Polls conducted in 2021 showed overwhelming support for disclosure of dark-money donors, with a Data for Progress survey finding 73% of likely voters supporting it and a Navigator poll finding 85% support.

“Passing the DISCLOSE Act is essential to protecting our democracy. Americans are tired of wealthy corporations and billionaires buying influence and policy outcomes by flooding our elections with millions of dollars of dark money,” Arik Wolk, a spokesperson for End Citizens United/Let America Vote, told the American Independent Foundation. “They want to see our government work for us. That’s why over 90% of voters support ending dark money, and why we must keep working to shine a light on which corporations and billionaires are trying to buy our elections.”

Published with permission of The American Independent Foundation.


AJ News
Get the latest news here first.

Tai News

Newsletter
Read More
Republican Bernie Moreno opposes existence of minimum wage

Republican Bernie Moreno opposes existence of minimum wage

By Jesse Valentine - February 23, 2024
Texas Gov. Greg Abbott floats building a wall on the Oklahoma border

Texas Gov. Greg Abbott floats building a wall on the Oklahoma border

By Jesse Valentine - February 22, 2024
Not if, but when: Parents of slain Parkland students urge Utah lawmakers to pass school safety bill

Not if, but when: Parents of slain Parkland students urge Utah lawmakers to pass school safety bill

By Kyle Dunphey, Utah News Dispatch - February 21, 2024
Key takeaways from Monday’s U.S. Senate Ohio Republican primary debate

Key takeaways from Monday’s U.S. Senate Ohio Republican primary debate

By Nick Evans, Ohio Capital Journal - February 20, 2024
Human, financial costs of gun violence are growing dramatically, health care group says

Human, financial costs of gun violence are growing dramatically, health care group says

By Marty Schladen, Ohio Capital Journal - February 20, 2024
Ohio Democrats introduce education bills for universal school meals, teacher pay raises

Ohio Democrats introduce education bills for universal school meals, teacher pay raises

By Susan Tebben, Ohio Capital Journal - February 15, 2024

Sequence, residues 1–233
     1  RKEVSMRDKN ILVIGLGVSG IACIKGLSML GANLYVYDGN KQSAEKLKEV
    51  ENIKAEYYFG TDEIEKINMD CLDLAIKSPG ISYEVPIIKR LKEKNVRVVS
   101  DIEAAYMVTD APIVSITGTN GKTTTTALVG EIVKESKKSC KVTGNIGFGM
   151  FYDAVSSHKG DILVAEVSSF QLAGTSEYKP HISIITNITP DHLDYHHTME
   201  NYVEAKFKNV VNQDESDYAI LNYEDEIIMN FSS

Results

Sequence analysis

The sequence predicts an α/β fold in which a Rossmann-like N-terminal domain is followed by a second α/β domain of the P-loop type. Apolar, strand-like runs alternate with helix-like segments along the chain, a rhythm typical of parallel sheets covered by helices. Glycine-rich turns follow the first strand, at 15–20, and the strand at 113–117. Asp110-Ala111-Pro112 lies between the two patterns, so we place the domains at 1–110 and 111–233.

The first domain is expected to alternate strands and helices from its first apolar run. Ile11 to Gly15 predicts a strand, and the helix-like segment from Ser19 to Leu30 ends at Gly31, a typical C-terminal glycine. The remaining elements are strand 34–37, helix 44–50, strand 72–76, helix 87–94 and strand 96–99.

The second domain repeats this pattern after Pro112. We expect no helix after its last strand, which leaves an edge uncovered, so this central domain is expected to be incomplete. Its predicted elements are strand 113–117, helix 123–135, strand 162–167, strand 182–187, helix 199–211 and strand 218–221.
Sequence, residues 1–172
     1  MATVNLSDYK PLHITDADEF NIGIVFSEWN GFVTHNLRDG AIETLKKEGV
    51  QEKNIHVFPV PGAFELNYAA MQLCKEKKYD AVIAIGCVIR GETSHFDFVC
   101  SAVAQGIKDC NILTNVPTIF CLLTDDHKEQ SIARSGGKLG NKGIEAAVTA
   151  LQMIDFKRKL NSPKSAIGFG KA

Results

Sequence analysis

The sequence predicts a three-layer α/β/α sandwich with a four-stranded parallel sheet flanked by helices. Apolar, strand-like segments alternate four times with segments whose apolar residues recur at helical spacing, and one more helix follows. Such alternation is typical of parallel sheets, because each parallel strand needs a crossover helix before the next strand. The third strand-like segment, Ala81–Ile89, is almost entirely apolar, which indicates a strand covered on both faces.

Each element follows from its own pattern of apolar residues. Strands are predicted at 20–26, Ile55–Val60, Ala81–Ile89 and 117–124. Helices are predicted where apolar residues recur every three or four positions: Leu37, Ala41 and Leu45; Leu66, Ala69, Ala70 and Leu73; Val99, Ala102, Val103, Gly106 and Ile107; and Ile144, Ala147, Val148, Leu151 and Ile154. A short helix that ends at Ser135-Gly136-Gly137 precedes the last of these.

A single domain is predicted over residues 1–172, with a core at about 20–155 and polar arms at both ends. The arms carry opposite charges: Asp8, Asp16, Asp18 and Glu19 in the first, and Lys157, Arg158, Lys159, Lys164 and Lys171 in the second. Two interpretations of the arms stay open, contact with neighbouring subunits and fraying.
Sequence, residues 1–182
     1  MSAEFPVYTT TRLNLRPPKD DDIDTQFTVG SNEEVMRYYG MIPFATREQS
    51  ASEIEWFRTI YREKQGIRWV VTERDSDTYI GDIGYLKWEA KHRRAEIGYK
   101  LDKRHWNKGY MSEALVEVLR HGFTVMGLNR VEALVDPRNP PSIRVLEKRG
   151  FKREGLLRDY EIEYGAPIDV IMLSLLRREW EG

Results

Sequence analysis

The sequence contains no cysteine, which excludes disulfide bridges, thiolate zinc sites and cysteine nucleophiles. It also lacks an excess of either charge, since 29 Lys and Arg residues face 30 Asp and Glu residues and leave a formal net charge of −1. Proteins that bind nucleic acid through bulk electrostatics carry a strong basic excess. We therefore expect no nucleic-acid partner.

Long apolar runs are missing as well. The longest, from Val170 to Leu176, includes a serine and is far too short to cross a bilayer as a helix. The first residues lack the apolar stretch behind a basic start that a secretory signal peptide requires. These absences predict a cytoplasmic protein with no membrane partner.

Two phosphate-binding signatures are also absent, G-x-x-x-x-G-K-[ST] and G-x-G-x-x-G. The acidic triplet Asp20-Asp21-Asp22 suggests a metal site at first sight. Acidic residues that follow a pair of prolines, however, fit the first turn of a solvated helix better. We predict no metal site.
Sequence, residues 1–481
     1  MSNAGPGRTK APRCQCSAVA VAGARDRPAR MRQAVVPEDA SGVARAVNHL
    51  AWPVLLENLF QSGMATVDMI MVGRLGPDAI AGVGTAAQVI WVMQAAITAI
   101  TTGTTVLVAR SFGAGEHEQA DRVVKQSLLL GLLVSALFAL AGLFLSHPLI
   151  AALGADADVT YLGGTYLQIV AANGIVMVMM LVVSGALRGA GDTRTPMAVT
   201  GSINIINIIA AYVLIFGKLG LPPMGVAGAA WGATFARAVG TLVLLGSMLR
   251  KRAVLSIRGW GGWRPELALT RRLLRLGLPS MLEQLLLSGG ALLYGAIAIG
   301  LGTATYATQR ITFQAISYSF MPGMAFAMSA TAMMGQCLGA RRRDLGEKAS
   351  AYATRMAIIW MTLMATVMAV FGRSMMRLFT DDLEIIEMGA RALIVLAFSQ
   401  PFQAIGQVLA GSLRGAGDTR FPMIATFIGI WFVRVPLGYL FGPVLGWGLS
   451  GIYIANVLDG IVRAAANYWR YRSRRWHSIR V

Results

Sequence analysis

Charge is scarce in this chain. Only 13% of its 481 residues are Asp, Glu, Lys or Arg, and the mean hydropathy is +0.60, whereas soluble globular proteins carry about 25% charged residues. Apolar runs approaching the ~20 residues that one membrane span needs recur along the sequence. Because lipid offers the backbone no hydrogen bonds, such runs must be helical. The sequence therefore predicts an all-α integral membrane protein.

AJ News
Latest
Republican Eric Hovde makes inconsistent statements about family history

Republican Eric Hovde makes inconsistent statements about family history

By Jesse Valentine - February 26, 2024
Republican David McCormick invests millions in website that platforms Holocaust denial

Republican David McCormick invests millions in website that platforms Holocaust denial

By Jesse Valentine - February 09, 2024
Lawmakers will again take up bills expanding, tightening gun laws

Lawmakers will again take up bills expanding, tightening gun laws

By Annmarie Timmins, New Hampshire Bulletin - January 31, 2024
UAW delivers rousing presidential endorsement for Biden over ‘scab’ Trump

UAW delivers rousing presidential endorsement for Biden over ‘scab’ Trump

By Ashley Murray, States Newsroom - January 24, 2024
Republicans Sam Brown and Jeff Gunter sling mud in Nevada senate primary

Republicans Sam Brown and Jeff Gunter sling mud in Nevada senate primary

By Jesse Valentine - January 17, 2024
A Young Texas Woman Almost Died Due To The Texas Abortion Bans – Now She’s Battling To Save Other Women

A Young Texas Woman Almost Died Due To The Texas Abortion Bans – Now She’s Battling To Save Other Women

By Bonnie Fuller - January 10, 2024
Health care legislation preview: Maryland advocates want to focus on access, patients in 2024 session

Health care legislation preview: Maryland advocates want to focus on access, patients in 2024 session